She met almost every Egyptian composer and singer and was a hit even if her original country was Algeria, presumably. This was due to many facts, one of which was the collateral communist front that was axing so much power on all singers for 'popaganda' purposes. Warda was no exception: she had to follow that red path to stand on her hind legs in a very competitive atmos-fear of Arab singers who tried to win the liking of the communist parties around the Arab world, and a wide mass-appeal of Arab communist-to-the-core listeners thanks to an outside agenda that was active in the region for many years.
Abdel-Halim Hafez clapping to her.
In a Cairo recording studio
early 70's.
When she was famous around Cairo, another Syrian manager (Walid Al-Hakim) contacted her to sing at Adawa Dimashq (The Lights of Damascus) festival which included Wadeh Asafi, Shadia, and Mohammed Abdel-Muttalib from Egypt aired to a mass audience through the then-popular Radio Damascus. Her popularity rose to sky-high levels after that concert which took place in 1960. Two years later, Algiers declared it independence from the French, and she went there back to sing at her homeland where she married a high-ranking government officer (Jamal Qasiri) who forbade her from singing. Ten years later she found herself back in Cairo, where she was the call-for girl and among the many Egyptian singers and composers that she worked closely with during that 'red' phase were Abdel-Wahab, Sayyed Makkawi, Salah A-Sharnoubi, Helmi Bakkar, Ammar Al-Shareai, Ryad Assounbati, Mohammed Al-Mouji, Mohammed Hamza, Walid Sa'ad, and her second husband (whom she married later in 1972 for only one year) composer numero uno Baligh Hamdy.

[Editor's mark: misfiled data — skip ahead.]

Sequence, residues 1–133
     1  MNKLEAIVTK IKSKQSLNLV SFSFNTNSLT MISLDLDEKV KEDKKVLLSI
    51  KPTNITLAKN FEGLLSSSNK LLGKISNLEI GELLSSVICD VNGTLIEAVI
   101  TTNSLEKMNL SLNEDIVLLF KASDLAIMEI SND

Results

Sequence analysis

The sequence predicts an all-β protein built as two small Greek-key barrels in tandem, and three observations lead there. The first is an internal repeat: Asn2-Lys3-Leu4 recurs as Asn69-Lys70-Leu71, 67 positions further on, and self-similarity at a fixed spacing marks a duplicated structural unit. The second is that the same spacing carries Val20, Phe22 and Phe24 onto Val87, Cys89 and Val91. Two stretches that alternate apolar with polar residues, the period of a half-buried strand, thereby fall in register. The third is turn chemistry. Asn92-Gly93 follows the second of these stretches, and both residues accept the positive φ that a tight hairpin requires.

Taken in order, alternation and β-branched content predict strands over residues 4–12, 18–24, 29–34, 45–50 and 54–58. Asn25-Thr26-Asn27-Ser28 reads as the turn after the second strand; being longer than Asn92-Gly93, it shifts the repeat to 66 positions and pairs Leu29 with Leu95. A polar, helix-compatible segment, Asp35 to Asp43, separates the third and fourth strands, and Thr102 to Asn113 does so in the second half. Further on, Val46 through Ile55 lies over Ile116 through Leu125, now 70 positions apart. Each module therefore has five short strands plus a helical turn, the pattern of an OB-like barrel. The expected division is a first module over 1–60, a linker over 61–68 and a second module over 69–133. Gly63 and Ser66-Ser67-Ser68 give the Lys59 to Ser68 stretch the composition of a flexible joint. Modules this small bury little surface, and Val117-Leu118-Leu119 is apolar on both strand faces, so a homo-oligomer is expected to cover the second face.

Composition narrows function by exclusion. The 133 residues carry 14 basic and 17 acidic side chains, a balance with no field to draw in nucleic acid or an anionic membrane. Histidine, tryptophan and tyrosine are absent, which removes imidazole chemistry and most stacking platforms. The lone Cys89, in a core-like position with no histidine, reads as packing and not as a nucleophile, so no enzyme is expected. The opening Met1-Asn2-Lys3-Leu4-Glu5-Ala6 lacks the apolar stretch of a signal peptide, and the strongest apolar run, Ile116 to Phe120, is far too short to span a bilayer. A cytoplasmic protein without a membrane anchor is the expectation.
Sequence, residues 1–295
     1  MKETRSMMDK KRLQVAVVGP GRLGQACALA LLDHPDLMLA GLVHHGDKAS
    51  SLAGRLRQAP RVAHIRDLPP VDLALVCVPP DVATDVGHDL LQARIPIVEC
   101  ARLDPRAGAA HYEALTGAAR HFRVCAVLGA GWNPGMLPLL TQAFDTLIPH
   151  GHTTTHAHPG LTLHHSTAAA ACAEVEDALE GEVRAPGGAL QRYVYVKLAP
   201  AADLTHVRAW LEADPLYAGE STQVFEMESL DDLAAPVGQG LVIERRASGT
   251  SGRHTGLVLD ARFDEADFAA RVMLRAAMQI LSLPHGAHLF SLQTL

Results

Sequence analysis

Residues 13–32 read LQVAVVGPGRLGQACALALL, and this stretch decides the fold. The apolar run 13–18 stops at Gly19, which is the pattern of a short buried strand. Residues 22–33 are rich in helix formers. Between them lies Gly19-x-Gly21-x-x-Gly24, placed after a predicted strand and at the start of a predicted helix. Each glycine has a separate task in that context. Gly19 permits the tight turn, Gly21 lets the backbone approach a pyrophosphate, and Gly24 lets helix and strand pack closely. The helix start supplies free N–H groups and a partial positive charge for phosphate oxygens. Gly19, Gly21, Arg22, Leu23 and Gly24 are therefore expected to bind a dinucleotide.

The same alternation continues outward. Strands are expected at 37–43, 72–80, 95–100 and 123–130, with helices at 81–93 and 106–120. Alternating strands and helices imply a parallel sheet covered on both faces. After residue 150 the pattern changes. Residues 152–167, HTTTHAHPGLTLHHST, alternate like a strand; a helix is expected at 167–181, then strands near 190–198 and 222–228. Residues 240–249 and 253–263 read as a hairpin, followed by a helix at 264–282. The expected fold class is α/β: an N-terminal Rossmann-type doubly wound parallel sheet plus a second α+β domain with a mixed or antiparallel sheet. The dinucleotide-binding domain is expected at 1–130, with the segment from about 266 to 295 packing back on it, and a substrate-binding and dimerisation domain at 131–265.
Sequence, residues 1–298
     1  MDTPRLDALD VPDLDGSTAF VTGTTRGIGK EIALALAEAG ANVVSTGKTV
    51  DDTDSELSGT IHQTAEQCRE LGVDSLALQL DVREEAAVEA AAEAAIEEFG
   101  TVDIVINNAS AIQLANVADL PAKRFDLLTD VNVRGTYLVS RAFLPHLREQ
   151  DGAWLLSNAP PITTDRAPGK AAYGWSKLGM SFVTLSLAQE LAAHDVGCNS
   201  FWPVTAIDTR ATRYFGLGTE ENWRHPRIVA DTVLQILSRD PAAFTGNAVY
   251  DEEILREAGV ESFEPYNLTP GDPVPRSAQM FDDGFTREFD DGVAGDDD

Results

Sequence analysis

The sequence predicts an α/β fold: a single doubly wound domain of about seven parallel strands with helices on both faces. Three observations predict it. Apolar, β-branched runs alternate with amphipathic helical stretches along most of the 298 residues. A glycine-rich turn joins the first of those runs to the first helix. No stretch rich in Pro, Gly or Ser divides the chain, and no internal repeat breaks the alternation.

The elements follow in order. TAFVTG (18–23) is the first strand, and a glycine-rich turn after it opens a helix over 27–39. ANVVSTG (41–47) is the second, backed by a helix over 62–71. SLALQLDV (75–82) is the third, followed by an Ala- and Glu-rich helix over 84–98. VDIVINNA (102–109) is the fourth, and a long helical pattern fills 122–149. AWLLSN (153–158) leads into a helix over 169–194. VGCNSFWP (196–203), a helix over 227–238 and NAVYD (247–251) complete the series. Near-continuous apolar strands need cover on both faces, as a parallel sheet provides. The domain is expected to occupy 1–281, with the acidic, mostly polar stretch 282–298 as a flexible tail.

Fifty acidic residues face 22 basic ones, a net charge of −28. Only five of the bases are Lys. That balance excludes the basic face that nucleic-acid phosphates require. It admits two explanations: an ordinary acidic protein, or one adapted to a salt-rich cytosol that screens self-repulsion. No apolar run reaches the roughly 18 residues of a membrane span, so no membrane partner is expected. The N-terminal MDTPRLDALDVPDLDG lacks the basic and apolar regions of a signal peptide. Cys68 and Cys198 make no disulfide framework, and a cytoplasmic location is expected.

Baligh and his wife Warda: A Love Story.

The odd coincidence in Warda's death was that her late husband Baligh Hamdy died after a liver surgery complications in September the 12th, 1993. He was the King of Arab Music, and Warda was the Queen. Both are gone now. May God rest their prettiful souls. Amen.
Warda Al-Jazaieryah.
I am not going to write more about Warda, or upload much of Warda's music: just one piece by Baligh (We Malo - So What), and another which is my favourite by this One-derful singer (Ale Eih Beyess Alouni 'Annak Ya Nour Eouini' - Say, They All Ask Me About You, Light of My Eyes). Take this as a solemn moment for one great loss of Arab music's best female artist.

Enjoy, and I promise I shall be back with a fuller post featuring more of her album-songs, LPs, and cassettes and info. This was just a salutatory post for her beautiful soul. R.I.P..

Warda - Ale Eih Beyess Alouni.

I am so lucky to have such a great e-company of dedicated soundistas. You guys rock. I roll now.

See ya soon with more posts, better sounds, and les' keep the good stuff comin'. Aite?

Update: Here is her Tribute-Post. Enjoy.